DVHA March 31 & April 1, 2007   Bighorn Gorge
    The Death Valley Hiker Association met at Mesquite Springs for our world famous spaghetti dinner.  On the way back from China Ranch I knew that my little geo tracker needed gas so I returned to Beatty, Nevada.  The gas is almost $1.00 cheaper plus the candy shop sells homemade ice cream.  When I got to Mesquite Springs Campground, Gus and Andy were talking to a ranger at the restroom, great meeting place.  As we were renewing old acquaintances along came Stan, then Karen, Gene, Kevin, and Bob with his friend Hal.  Where was Silvia, she has the food?  Soon all of us were together in our adjoining campsites preparing for our world famous spaghetti dinner.  Each year I believe it improves. 

    The biggest problem in the morning was to figure which vehicle would go to the trailhead and which would stay and we had 3 people who would not return to the trailhead.  This was really unique in our car pooling.  Everyone had their own car and we had four vehicles going to the trailhead which left two to return the six hikers and their gear later on Sunday to get the other vehicles.  The three who were not staying over Sunday night had their vehicles left at Mesquite.  We left the campground at 7:30 for the top of the mountain.  It took us over three hours to make it, although we used Teakettle Junction for a regrouping spot.   There was a beautiful teapot left on the pole just three days earlier.  It was uphill for many miles and over some very scenic country.  The road got very narrow and steep as we neared the end, so much in fact that we left Silvia's truck along the road.  That gave us three vehicles at the end of the mining road.  There was still room for the other two to be able to turn around when the group returned after the hike.  Everything worked out great.
    The first part of the trail was not very exciting.  We were just in a wash going downhill.  At each junction with another wash previous hikers had set up ducks (trail markers) to help guide them back to their vehicles.  The weather was probable in the low 50's which was great for hiking.  As we got to the first narrows Kevin was leading and found a 10-12 foot fall ahead, he returned to us and we found a bypass.  It wasn't a very good one but we climbed uphill helping each other get around some obstacles.  We don't think it was the preferred bypass but it worked for us.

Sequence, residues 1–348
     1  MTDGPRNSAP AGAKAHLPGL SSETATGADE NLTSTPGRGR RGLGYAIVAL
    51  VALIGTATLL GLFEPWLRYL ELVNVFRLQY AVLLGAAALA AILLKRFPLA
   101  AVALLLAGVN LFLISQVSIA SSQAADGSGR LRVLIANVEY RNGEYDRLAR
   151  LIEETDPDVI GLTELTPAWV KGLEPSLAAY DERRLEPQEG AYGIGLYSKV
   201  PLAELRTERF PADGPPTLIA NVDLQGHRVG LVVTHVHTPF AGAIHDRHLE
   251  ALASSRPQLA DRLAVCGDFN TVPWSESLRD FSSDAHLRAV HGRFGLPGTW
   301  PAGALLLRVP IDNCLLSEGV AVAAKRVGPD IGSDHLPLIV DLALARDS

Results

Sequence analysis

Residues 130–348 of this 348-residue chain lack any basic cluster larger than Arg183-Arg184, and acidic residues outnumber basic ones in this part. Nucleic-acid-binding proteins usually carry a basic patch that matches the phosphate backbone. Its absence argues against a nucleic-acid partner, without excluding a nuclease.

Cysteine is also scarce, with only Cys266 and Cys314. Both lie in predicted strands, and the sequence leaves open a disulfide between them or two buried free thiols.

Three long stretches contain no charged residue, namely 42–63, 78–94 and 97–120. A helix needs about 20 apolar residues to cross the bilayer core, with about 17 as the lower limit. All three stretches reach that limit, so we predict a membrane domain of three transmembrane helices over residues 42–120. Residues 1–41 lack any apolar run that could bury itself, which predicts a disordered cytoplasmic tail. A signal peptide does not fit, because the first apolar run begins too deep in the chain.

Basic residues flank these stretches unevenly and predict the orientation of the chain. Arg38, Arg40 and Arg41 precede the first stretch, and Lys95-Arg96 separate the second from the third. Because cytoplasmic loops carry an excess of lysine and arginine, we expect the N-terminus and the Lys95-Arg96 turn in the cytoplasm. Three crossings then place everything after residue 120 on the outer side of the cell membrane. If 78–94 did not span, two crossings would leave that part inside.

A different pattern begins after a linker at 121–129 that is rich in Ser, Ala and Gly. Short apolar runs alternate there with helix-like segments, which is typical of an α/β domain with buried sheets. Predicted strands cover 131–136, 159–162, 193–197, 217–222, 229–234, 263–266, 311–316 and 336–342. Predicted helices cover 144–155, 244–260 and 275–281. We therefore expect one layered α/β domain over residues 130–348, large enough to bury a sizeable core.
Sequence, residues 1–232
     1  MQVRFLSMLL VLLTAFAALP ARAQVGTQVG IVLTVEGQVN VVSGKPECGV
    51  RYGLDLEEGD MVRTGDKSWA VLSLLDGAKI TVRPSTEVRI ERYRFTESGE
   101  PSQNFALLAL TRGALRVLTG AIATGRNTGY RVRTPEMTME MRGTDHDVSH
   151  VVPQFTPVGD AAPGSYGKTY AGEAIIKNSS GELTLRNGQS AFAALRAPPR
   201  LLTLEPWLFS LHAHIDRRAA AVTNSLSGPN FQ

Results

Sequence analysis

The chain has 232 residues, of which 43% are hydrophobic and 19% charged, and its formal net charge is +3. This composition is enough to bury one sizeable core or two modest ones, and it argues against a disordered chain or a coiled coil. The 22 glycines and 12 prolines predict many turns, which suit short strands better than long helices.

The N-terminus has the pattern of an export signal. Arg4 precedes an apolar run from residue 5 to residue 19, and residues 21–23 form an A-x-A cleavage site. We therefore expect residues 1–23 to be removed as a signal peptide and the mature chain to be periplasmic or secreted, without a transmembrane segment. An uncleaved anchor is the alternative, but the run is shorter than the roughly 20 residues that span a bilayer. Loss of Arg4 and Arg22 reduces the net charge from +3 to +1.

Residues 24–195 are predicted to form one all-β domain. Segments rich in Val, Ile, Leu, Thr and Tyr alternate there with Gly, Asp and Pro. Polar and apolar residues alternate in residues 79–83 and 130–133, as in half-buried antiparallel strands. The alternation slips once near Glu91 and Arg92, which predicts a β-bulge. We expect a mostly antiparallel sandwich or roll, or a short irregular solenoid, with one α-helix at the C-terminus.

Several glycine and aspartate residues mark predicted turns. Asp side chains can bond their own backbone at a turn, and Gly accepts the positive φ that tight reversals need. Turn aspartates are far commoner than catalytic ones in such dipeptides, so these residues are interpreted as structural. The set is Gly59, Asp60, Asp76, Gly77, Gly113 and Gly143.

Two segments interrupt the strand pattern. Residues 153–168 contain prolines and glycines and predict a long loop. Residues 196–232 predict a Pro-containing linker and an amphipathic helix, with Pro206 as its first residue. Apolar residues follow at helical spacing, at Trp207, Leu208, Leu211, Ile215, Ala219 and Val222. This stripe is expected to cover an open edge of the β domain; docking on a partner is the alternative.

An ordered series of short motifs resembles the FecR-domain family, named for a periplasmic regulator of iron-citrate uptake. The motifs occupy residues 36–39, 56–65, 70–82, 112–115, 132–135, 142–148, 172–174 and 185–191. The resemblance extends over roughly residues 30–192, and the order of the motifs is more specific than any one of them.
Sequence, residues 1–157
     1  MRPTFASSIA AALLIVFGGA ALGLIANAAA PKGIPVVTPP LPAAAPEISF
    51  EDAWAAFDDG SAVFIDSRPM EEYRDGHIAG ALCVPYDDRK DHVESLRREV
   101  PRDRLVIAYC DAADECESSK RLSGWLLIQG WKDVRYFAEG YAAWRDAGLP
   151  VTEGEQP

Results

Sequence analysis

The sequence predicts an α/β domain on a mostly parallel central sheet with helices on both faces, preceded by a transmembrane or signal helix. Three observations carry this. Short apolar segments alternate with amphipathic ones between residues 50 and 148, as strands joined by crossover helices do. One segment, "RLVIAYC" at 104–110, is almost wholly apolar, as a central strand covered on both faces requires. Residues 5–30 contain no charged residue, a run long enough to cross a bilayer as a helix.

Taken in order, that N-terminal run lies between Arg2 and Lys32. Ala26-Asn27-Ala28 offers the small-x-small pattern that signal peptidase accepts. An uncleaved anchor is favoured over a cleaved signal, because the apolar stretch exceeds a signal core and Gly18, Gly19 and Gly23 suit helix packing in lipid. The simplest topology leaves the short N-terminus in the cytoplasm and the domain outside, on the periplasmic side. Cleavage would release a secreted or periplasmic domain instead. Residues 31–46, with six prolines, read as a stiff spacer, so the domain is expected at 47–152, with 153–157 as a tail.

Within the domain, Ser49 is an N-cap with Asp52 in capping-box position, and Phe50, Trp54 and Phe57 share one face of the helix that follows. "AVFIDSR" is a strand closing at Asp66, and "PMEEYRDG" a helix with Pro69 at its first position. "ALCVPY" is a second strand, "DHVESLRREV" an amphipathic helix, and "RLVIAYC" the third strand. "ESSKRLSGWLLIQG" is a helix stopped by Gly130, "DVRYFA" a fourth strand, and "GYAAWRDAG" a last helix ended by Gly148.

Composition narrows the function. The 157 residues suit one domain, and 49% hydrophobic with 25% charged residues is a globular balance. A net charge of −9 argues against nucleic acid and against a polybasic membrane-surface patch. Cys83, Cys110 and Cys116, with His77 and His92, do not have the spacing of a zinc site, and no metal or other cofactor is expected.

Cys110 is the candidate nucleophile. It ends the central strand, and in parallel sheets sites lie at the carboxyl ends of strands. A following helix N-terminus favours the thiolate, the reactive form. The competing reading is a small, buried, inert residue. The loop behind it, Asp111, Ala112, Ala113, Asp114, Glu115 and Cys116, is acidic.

We had lots of dry falls that needed help getting down for most of us.  We could have done it by ourselves but with safety in mind we worked together.  Soon we were at the 60' dryfall, it was very impressive and there was no way down, it was vertical.  Andy and Chuck being too bright saw a trail way up on what looked to be a rock slide area.  Well the 'trail' was a Desert Mountain Sheep trail and the slope was a rock slide.  That didn't stop the not too bright hikers.  Chuck led and poor Andy followed.  We were half way up when the rest of the group came into view.  They agreed we were lacking any smarts.  Well, Stan found the downhill scrambling passage.  He carried everyone's pack over the boulders then returned to assist the rest down.  By the time Chuck and Andy had 'rode the rock avalanche's down, the last of the sane hikers had bypassed the fall.  What Chuck and Andy had done was very dangerous.  We had circumvented the fall by crossing a sheep bedding area then slided down on top of small rock slide. 

    The rest of the group said if the way we had went was the only way, they would have went back to the vehicles.  We continued on, really appreciating the wonderful weather.  Many dry falls were encounterd and most of the time assistance was given to the others from the first one down.  Andy and Gus were taking many pictures along the way and I wish they could all be included in this narrative.  Most of the photos shown here are from them.

    On we continued.  We came across an area on both sides that had fossils for, it seemed like a quarter of a mile.  They were in a vein about four feet high.  We also found two remains of bighorn sheep.  We really enjoyed this canyon.  The hike after we left the canyon, meaning walking down the alluvial fan, was very tiring.  It was hard on our feet, the sun was out and hot but with our friends the total trip was overwhelming great.  We took breaks whenever shade was available. 

    It was time to seperate when we reached Mesquite Springs Campground.  Gus, Gene, and Chuck had to leave.  The rest of the group returned to their vehicles via Bob and Kevins vehicles.  They stayed a few days and explored the Lost Burro Mine and Dry Bone Canyon.  
To view Andy's pictures of the Spring 2007 in Death Valley Hiker click here
I must apologize to Andy as he sent me the photos in order but I managed to screw that up very quickly.  Opps.  Will try and get that one figured out next time.  Thanks Chuck for the great write up.
The bypass was enjoyable, we got to see the area below once we were on top.  It was a great view, but a long bypass.
This is only one of the narrow sections of Bighorn Gorge.
If you look hard Chuck is in the middle of the photo with Andy somewhere on the left.
We also found two remains of bighorn sheep.
Paleozoic era fossils, probably ammonites or as I say snail fossils.
Karen, Kevin, Gene, Silvia, Bob, and Stan taking a break in Death Valley wash on their way back to Mesquite Springs Campground.
Photo credits go to Andy and Gus